Is there a place for wool in the case of the inlet?

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Wool in the liner improves chromatographic performance by increasing the evaporation of high molecular weight compounds, promoting sample mixing, reducing backflash and trapping non-volatile matrix. We have received reports where the use of wool in the liner has resulted in poor reproducibility and low response to semi-volatile compounds. This study will simulate these conditions and examine the effects of wool position in the liner using different split ratio and no split conditions.

A significant body of work detailed the optimization of gas chromatography (GC) inlets using splitless and split modes with and without wool in a variety of linear configurations. Linus Waklaski conducted a study to evaluate four splitless liners for the recovery of C8 to C40 hydrocarbons. The single-taper and straight liners showed reduced hydrocarbon (>C24) recovery when compared to the single-taper and double-taper cyclo-gooseneck liners with wool. A single taper with wool was found to be one of the best liners because wool enhanced the evaporation of heavier analytes (1). Another study compared split liners using a 50:1 split ratio, with the highest peak areas and lowest relative standard deviations (RSDs) involving wool (2).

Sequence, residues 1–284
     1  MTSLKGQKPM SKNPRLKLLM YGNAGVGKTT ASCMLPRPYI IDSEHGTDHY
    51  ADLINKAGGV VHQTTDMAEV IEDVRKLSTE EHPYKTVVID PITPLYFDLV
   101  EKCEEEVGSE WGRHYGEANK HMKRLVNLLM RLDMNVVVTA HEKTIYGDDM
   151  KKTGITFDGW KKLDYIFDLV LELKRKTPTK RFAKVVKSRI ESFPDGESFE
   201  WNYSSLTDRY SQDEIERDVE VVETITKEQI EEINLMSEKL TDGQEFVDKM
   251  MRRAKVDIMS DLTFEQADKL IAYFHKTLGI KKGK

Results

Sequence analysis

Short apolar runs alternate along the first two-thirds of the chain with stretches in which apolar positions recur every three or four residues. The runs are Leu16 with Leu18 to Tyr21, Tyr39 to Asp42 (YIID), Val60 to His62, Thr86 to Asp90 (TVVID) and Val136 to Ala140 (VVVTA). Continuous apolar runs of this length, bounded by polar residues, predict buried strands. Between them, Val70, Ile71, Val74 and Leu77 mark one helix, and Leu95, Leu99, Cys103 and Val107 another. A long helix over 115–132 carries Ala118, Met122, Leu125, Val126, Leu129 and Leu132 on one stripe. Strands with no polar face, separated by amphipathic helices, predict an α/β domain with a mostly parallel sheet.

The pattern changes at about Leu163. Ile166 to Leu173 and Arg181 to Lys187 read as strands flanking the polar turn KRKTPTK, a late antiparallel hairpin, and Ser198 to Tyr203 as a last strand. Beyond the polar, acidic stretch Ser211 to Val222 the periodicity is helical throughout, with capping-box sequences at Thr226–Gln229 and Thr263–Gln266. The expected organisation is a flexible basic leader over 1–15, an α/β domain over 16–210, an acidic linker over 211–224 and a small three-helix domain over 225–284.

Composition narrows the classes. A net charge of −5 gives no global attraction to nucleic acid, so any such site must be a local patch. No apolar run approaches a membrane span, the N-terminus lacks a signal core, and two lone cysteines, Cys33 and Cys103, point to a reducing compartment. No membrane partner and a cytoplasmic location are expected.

worked using splitless injection techniques to confirm that wool content did not increase activity for the most active compounds, such as pentachlorophenol and benzidine. has gone A decrease in response to 2,4-dinitrophenol was observed only when three times the amount of specific wool was loaded, but other active analytes were not tested. Manufacturers passivate the wool after placing it in the liner to prevent the wool fibers from breaking. Passive wool fibers expose active silanols (3,4).

Over the years we have received calls from customers struggling with calibration curve linearity and reproducibility of standards when using split or splitless straight 4 mm liners with wool purchased from the manufacturer. The wool is placed about 25 mm into the liner, just below where a typical autosampler syringe needle would inject. Although the wool has not moved during shipping, a prevailing hypothesis is that the wool changes to the liner during installation in the injection port, thereby altering the evaporation rate. By changing the septum during injection port pressure, the wool can be pushed to the top of the liner, and if the needle pierces the wool, the sample can be injected under the wool. In this scenario, wool may not be effective in vaporizing the sample (Figure 1).

In this work, 50:1 split, 5:1 split, and splitless conditions will be used to evaluate liners with wool in different positions. Middle wool, bottom wool, top wool and no wool will be compared for responses and reproducibility as shown in Figure 1.

Experimental model